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Posted by Scout on September 28, 2021, 1:53 pm
 



Average consumption 30 kilowatthours (kWh).

Figure 16 hours of storage as a bare minimum

100Ahr battery = 600 wh

Minimum required 40 batteries.

Cost about $000 just for the batteries.

Another $4,000 for the solar system

Figure about $5,000 for installation.

More for the lost floor space, or building to hold all this.

And that only gets you through the day. If you don't have 8 hours of full  
charge... overcast, raining, snow, etc then your battery capacity  
requirements will go up drastically,.

Then we need to calculate the pollution produced for all that hardware, the  
regular replacement of the batteries, panels and systems over a lifetime and  
then figure out if you're actually cutting emissions... or just spreading it  
around.

Seems to me to be a lot of money and issues for a dubious reduction in  
pollution.




  


Posted by Jim Wilkins on September 28, 2021, 6:01 pm
 

Average consumption 30 kilowatthours (kWh).

Figure 16 hours of storage as a bare minimum

100Ahr battery = 600 wh

Minimum required 40 batteries.

Cost about $000 just for the batteries.

Another $4,000 for the solar system

Figure about $5,000 for installation.

More for the lost floor space, or building to hold all this.

And that only gets you through the day. If you don't have 8 hours of full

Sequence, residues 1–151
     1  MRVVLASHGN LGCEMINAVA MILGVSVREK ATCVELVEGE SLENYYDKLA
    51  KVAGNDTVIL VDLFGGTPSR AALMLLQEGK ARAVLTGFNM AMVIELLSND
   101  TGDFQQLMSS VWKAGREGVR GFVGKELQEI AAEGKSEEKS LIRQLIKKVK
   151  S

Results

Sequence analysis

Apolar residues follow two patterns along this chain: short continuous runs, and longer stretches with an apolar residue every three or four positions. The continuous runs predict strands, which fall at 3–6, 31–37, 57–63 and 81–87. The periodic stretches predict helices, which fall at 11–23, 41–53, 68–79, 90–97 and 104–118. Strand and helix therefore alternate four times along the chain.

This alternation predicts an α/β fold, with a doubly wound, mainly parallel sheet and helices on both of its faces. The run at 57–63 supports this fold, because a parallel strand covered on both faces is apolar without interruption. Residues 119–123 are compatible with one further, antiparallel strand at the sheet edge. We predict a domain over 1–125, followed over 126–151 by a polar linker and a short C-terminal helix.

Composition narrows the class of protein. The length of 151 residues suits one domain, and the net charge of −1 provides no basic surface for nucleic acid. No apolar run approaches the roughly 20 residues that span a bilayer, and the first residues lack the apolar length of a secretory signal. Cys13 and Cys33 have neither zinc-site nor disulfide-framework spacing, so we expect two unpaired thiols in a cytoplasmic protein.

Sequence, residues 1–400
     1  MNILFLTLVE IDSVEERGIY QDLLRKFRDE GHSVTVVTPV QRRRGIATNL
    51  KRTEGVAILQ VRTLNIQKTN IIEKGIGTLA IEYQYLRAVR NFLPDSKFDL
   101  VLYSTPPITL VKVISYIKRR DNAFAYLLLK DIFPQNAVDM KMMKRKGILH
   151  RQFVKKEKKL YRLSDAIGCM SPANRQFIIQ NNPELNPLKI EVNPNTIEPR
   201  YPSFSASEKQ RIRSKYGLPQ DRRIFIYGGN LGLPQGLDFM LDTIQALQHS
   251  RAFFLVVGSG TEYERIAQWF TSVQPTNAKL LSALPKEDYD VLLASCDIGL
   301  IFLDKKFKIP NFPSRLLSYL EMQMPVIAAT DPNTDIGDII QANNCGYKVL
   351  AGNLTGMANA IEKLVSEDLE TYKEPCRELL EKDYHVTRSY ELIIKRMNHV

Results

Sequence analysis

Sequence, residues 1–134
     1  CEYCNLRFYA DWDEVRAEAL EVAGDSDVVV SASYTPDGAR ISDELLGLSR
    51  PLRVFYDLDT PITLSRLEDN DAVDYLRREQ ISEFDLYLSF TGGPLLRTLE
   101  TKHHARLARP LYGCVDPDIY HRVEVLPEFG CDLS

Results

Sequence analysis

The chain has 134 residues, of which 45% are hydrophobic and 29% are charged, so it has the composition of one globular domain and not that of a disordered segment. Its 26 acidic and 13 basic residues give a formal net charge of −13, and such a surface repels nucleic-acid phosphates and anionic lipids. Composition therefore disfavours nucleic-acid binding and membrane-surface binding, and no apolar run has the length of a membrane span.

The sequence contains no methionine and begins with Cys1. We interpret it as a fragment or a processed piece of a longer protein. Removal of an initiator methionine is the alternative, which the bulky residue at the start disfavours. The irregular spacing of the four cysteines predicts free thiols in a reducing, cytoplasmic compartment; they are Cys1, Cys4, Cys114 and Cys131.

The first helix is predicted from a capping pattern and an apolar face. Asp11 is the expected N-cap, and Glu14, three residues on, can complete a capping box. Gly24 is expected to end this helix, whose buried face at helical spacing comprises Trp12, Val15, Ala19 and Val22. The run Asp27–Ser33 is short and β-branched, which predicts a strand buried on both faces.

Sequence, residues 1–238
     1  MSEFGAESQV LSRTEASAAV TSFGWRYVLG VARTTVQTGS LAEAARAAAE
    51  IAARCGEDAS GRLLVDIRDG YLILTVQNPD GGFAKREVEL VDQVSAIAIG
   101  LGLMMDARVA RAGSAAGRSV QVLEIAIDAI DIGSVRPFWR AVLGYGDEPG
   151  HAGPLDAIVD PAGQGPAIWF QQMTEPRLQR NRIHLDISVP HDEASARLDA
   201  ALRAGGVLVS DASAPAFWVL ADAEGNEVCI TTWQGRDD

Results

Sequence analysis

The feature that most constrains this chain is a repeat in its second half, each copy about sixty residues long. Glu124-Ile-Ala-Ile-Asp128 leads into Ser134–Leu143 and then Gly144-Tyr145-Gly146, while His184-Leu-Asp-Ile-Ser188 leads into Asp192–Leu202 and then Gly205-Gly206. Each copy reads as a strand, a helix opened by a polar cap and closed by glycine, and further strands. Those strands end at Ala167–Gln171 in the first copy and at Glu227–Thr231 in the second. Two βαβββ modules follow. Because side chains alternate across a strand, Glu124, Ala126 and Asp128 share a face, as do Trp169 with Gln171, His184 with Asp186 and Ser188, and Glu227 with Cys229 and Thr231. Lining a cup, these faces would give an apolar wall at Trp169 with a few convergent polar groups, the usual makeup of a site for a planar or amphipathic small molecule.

charge... overcast, raining, snow, etc then your battery capacity
requirements will go up drastically,.

Then we need to calculate the pollution produced for all that hardware, the
regular replacement of the batteries, panels and systems over a lifetime and
then figure out if you're actually cutting emissions... or just spreading it
around.

Seems to me to be a lot of money and issues for a dubious reduction in
pollution.

--------------------------

My backup system isn't nearly that large or expensive, and my normal  
consumption is under 5KWH per day.

The backup supports a compact refrigerator and small freezer plus one or two  
laptops for cellular Internet and antenna television. For meals I run a 2KW  
inverter generator, or use the wood stove since most long outages here are  
from winter ice storms. Laundry requires a 3KW generator and kick-starting  
by releasing the old Maytag's belt tension with my foot on the motor. I  
freeze-dry the laundry on an outdoor clothes line, typically within the same  
day since winter humidity is very low.

Two fairly new 12V 105Ah marine batteries will run the inverter for at least  
24 hours and maybe 48 depending on conditions. The freezer operates on 12V  
DC and can go almost 48 hours on the original pair of ~10 year old  
batteries, by recent test. The four marine batteries and four 100W panels  
averaged $00 apiece and the sine inverter was free, a "dead" high end APC  
UPS. Installation is standing the panels on fold-out legs in the yard or  
driveway when I need them for an outage, otherwise a row of small flea  
market panels on the roof powers the freezer. After measuring power loss I  
upgraded the house solar wire to 10 AWG, a significant expense if you buy it  
new.

As best I can figure, the cost of battery depreciation if cycled daily  
somewhat exceeds the cost of grid power, so I use the system only for backup  
to prolong battery life. I ran the numbers for flooded, AGM and Lithium and